Virginia Delegate Tom Rust (R-Herndon) has proposed a study of the state’s religious exemption statute for homeschoolers. To the Homeschool Legal Defense Association (HSLDA), the proposal, HJ 92, is a malicious attack on Christian homeschoolers. The reality, however, is quite different. Rust’s proposal is a reasonable response to a long-standing problem.
First, a brief explanation. In Virginia, families are entitled to homeschool under either an academic or religious exemption. My parents homeschooled under an academic exemption, which means that they were required to administer standardized tests to measure my academic progress. Families that homeschool under a religious exemption, however, face no such requirement. After the local school district confirms that their religious convictions are legitimate (and there is no uniform standard for this process), a homeschool family can effectively remove itself from the state’s radar.
In the state of Virginia, a religious family can pull a child out of school at any point in the term and provide no evidence of a curriculum or of the child’s subsequent educational attainment. The children are, in effect, rendered invisible.
My friend Josh Powell used to be one of those invisible children. Last summer, he told his story to the Washington Post in a bid to publicize the consequences of Virginia’s overly generous statute. At 16, Josh didn’t know that South Africa is a country and hadn’t been taught basic algebra. After years of remedial classes, Josh made his way to community college and later, Georgetown University.
Some of his younger siblings would like to attend public school. But because the state privileges the convictions of their parents over their personal goals, they remain at home. And there’s no way to ensure they receive the education Josh was denied.
That is an intolerable situation in a country that claims to value education as a human right.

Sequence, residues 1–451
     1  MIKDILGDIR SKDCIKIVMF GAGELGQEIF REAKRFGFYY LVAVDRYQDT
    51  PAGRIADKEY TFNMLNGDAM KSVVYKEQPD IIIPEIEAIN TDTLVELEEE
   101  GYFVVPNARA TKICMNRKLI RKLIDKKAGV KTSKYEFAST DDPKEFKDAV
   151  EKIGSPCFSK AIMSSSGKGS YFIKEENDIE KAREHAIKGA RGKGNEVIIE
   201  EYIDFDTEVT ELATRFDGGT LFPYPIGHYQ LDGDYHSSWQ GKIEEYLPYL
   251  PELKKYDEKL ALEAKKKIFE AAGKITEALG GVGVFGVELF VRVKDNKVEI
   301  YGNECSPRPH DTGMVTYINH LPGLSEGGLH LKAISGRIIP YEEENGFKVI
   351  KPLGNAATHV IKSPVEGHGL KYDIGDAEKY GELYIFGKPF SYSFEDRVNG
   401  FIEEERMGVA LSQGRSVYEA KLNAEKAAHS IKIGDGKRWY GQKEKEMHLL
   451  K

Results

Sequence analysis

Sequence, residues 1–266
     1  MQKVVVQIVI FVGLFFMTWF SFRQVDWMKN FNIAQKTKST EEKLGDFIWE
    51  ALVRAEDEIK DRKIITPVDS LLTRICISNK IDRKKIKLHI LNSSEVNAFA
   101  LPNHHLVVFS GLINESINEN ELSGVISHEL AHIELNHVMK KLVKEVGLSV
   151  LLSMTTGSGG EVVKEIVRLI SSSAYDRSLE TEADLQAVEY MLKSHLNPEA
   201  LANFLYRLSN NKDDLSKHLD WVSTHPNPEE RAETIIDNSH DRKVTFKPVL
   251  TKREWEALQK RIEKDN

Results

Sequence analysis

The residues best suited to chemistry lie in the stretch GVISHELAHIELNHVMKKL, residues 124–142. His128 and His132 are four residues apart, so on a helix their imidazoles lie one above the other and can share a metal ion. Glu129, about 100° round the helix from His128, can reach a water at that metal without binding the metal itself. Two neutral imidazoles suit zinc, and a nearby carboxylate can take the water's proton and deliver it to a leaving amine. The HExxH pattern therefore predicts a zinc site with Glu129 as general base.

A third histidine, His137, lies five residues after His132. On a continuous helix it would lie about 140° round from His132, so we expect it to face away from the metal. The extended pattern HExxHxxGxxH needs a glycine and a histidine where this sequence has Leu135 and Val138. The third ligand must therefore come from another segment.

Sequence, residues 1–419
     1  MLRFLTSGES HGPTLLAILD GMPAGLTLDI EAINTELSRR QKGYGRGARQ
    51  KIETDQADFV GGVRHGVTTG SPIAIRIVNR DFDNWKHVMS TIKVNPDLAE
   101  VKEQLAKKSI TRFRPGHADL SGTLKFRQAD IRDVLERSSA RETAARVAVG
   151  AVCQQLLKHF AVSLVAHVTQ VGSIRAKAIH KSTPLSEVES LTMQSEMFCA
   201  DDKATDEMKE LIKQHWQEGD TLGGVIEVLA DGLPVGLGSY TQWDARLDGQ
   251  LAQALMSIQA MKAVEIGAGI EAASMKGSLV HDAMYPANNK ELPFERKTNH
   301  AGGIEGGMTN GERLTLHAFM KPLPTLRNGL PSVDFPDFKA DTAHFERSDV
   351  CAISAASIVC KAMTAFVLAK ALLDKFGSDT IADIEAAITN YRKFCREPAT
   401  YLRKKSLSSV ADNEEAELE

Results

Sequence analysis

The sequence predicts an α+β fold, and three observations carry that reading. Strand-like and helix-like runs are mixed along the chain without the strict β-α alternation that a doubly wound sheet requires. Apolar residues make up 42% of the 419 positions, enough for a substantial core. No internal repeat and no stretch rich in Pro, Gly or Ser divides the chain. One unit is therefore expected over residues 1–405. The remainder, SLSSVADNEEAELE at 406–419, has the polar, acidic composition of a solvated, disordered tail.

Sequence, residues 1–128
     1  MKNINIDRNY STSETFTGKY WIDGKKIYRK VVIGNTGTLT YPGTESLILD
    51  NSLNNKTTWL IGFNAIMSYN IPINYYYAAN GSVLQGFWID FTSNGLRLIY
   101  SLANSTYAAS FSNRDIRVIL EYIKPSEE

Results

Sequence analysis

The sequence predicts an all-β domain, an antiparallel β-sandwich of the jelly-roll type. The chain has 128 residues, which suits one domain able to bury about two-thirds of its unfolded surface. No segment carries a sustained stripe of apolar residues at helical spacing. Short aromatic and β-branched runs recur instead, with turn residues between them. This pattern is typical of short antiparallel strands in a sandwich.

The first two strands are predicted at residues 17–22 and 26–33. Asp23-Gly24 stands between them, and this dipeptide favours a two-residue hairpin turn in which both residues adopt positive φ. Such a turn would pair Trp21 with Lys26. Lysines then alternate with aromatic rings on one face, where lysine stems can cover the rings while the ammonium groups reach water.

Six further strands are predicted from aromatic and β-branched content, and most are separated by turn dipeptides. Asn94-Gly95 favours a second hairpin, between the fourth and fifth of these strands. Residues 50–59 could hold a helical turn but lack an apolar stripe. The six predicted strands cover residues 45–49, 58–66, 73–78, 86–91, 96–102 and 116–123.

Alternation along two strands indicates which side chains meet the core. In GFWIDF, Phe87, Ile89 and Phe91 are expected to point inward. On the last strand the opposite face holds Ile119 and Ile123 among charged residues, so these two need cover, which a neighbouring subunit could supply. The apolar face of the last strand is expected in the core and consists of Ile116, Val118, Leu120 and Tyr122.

It is unclear to me how anyone’s religious exercise is threatened by their child’s ability to read and write. Fringe homeschool advocates are fond of insisting that they are the best possible educators for their children and in some cases, that might be true. But this is clearly not going to be true of all parents, and common sense regulation is necessary to make sure their children are receiving an adequate education.
But try telling that to HSLDA. Its latest e-lert warns, “We must accept the possibility that Rust’s call for a study is a mere pretext, and that his true intention is to try to take away some of your freedom once the study gives him some “cover.” At the very least, it’s fair to conclude that he thinks you may have too much freedom right now!”
Now, let’s be clear about what Rust has actually proposed: a study. This means he wants to review the law. If his measure passes, the Department of Education would survey the state’s school districts to examine how they apply the religious exemption statute. It would also examine how districts review their initial decision to grant a family an exemption (if they review at all). The proposal’s final clause also calls for the DOE to determine whether or not districts monitor the educational progress of children in religiously exempt families.